The Largest Building in Europe: Russia Tower

It will also be the second biggest building in the world

By on September 19th, 2007 18:06 GMT
This will match the size of Mother Russia and the Russian thirst for big territories. Yesterday started the work on the Russia Tower, which - once finished - will become Europe's tallest building and it will be located in the heart of Moscow's business district, in the precincts of the Moscow International Business Center.

"This tower will become a symbol of Russia which is turned to the future and to new heights. This building will be unique in both size and architecture," said Moscow's mayor Yuri Luzhkov. "The building will be completed in two, two-and-a-half years," the Interfax news agency reported.

Other sources say it will be completed by 2011.

The skyscraper will be 612 meters (2,008 feet) tall and is designed by well-known British architect Norman Foster, famous for being the author of other great-scale projects like the Wembley Stadium, Hearst Tower of New York, McLaren Technological Center or the Hong Kong Airport.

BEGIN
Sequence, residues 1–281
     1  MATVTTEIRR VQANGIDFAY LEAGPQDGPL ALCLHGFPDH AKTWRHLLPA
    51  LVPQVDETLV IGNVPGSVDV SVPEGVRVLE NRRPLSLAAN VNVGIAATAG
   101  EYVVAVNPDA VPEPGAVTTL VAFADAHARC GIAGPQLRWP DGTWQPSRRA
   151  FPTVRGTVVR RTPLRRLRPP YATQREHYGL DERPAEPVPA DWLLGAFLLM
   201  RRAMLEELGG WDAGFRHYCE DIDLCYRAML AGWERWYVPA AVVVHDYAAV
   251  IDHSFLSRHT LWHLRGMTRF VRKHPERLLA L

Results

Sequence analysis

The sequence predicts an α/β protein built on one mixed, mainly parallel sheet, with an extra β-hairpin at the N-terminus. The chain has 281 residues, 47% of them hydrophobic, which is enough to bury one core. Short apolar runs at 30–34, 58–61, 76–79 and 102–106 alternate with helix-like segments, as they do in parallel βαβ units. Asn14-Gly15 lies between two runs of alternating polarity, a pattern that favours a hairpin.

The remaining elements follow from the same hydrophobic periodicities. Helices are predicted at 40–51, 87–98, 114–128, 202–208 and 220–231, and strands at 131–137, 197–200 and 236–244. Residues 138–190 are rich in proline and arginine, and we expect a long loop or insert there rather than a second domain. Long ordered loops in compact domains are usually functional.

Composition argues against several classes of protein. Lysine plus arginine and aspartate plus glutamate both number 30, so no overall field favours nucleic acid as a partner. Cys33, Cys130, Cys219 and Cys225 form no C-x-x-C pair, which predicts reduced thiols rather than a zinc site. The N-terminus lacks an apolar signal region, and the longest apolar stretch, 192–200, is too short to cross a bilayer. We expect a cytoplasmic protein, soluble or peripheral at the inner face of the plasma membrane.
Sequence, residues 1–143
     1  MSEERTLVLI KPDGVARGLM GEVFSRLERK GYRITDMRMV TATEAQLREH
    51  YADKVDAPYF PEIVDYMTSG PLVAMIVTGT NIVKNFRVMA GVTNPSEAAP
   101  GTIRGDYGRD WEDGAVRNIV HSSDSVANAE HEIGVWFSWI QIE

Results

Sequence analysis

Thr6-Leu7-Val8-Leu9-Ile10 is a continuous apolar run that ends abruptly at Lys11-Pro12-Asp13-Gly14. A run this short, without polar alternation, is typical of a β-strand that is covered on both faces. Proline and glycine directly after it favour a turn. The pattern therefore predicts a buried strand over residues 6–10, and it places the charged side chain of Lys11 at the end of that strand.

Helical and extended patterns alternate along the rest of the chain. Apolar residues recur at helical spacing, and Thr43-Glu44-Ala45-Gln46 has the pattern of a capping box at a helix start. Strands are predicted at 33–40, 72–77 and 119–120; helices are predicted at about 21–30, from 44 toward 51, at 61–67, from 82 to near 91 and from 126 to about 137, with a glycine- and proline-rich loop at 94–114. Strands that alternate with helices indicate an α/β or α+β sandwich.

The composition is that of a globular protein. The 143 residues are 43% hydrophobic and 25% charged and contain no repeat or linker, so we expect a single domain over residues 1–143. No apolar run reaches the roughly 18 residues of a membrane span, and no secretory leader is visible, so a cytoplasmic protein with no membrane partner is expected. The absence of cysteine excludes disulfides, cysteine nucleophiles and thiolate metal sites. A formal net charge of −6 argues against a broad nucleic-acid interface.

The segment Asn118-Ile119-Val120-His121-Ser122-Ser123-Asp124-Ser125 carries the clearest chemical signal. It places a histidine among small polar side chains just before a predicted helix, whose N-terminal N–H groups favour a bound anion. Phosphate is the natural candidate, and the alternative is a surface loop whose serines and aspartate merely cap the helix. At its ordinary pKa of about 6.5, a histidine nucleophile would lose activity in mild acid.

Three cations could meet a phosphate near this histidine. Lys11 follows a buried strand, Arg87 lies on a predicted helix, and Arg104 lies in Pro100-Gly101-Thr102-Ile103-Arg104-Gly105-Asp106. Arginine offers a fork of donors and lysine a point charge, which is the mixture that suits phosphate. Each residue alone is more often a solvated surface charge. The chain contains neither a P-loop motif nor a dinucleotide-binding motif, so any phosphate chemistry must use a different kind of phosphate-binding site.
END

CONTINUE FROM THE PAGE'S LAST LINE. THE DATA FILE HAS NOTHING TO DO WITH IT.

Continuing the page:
The building will be the second tallest in the world and will harbor a total area of over 470,000 square meters and it will contain shopping centers, offices, hotels and apartments. Offices will be located at the lowest floors, hotel rooms in the middle, and apartments at the top, and there will be a total of 118 levels. The last seven levels will serve as a platform for visitors wanting to look at a panorama of the Russian capital.

The total costs of building it are estimated at about two billion dollars (1.4 billion euros). The building will have a pyramidal shape. "We will not stop here," added Luzhkov. "We are, essentially, in the process of constructing a new city." "It will be a building that won't enter in disacord with the rest of the surrounding buildings, most of them old and with few levels. It also won't harm the overall image of Moscow", said the project's author.

The Russia tower will be surpassed just by the Burj Dubai, which will be finished in 2008, and will be 818 m (2,684 ft) tall.

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